Latin America data speeds continue to lag behind more-developed regions. But many nations in the region have been rapidly improving their network infrastructure in recent years, with eight nations in South America now providing speeds of 3G or better 80% of the time, according to a recent analysis by Open Signal.
With an average data speed of 8.07 megabytes per second, Colombia ranks fourth in Latin America, trailing only Uruguay (10.21 mbps), Peru (9.11), and Chile (8.77). Users in Colombia are able to access 3G or better speeds 84.6% of the time. By comparison, Chile ranks first in the region at 91%, the United States comes in at 92%, and South Korea boasts a near-perfect 99%.
Latin America Data Speeds
“In general, South America’s data networks are behind much of the developed world in speed, with all nations, save Uruguay, providing an average mobile data speed less than 10 mbps,” wrote Open Signal in a blog post. “But most of South America did admirably in terms of 3G/4G signal availability.”
Among large Latin American nations — those with more than 20 million people — only Peru outperformed Colombia. Mexico offers comparable speeds at 7.93 mpbs, but Brazil (7.43), Argentina (6.52), and Venezuela (3.88) all fare considerably worse. Brazil also can only offer 3G or better speeds 75.2% of the time. “Having a large population or economic influence had little bearing on countries’ performance in the region,” wrote Open Signal.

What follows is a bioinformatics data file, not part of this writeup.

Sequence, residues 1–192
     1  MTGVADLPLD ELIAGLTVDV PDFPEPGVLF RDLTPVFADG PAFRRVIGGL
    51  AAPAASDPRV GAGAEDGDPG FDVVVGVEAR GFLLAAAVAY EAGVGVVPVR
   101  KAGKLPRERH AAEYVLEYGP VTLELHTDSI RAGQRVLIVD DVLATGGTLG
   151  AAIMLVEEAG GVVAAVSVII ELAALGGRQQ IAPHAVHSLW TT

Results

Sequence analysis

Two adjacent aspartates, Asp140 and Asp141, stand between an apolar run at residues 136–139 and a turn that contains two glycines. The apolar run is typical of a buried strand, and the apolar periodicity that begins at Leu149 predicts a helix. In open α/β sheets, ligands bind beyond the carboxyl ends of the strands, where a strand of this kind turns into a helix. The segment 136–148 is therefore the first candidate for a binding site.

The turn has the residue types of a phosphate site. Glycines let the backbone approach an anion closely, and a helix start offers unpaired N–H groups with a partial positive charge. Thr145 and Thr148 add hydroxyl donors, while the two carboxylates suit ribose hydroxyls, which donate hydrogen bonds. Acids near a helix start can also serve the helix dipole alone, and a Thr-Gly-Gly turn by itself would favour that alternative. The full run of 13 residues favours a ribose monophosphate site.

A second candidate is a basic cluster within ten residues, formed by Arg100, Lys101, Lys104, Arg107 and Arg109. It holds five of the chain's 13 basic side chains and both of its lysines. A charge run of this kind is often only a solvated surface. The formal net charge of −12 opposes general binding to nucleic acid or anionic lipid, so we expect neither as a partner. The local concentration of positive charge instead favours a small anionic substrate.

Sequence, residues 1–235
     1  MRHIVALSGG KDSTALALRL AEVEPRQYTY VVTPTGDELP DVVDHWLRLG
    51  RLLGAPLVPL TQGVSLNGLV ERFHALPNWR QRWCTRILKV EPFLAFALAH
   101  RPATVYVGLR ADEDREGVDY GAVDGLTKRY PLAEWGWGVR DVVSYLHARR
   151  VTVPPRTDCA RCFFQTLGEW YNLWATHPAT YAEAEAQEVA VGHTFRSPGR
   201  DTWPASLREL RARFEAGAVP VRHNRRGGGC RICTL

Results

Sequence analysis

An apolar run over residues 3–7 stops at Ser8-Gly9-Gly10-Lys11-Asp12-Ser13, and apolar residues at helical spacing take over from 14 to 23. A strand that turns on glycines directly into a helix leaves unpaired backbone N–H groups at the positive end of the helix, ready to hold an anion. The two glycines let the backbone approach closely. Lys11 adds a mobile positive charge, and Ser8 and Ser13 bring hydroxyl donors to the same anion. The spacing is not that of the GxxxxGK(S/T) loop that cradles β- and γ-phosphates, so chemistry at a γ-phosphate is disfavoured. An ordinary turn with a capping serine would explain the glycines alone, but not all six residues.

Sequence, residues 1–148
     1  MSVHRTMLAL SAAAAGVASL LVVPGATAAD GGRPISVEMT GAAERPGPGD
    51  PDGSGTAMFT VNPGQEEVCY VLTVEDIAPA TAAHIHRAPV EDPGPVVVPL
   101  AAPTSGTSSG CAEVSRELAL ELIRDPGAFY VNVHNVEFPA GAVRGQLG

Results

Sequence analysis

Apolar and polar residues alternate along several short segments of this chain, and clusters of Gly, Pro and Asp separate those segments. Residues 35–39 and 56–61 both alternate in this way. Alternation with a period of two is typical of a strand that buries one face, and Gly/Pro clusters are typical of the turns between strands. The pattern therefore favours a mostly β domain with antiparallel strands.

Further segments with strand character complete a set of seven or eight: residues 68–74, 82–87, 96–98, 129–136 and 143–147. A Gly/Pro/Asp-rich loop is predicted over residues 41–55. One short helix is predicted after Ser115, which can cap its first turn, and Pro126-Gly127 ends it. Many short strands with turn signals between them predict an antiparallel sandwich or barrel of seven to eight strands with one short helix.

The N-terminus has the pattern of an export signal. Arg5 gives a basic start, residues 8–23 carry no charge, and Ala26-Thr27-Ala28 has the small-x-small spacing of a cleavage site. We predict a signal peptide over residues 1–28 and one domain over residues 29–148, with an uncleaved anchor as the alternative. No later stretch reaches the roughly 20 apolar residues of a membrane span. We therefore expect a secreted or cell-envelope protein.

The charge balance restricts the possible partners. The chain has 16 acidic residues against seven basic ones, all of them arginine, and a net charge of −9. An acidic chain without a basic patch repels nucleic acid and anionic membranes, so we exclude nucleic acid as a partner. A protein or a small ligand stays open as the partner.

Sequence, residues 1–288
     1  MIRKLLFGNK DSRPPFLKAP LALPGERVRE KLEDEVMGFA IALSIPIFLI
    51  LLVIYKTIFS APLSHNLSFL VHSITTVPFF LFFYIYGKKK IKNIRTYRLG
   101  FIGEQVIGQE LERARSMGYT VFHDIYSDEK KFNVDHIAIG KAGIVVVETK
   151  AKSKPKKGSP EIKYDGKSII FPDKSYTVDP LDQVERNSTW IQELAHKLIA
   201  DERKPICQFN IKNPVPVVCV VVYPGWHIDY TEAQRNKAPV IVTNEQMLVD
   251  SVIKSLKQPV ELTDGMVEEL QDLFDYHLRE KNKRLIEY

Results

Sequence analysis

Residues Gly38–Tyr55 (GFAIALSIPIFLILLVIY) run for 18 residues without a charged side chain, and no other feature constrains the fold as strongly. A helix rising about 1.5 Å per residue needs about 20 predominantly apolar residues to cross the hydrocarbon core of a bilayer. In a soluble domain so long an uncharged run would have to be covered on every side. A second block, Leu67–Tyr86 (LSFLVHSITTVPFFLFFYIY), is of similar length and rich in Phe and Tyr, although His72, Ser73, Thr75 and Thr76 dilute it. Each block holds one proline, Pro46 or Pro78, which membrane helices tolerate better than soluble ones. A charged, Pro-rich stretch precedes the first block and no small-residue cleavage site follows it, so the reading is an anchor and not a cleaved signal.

Colombia also stacked up well in another recent study, Spanish telecom Telefónica’s “Index on Digital Life.” Though not looking strictly at Latin America data speeds, the analysis ranked the Andean nation among the world’s best in terms of digital development and policies aimed towards further improvement. “Colombia is Latin America’s most outstanding over-performer in digital life relative to its GDP per capita,” said the study.
Despite its standing the Telefónica report still highlighted how much room remains for improvement. Colombia lagged behind Brazil, Argentina, and Chile on digital adoption rates and ranked below Chile, Costa Rica, and Uruguay on privacy and security. It also compared poorly to its regional peers when it comes to business application of ICT technology and software spending.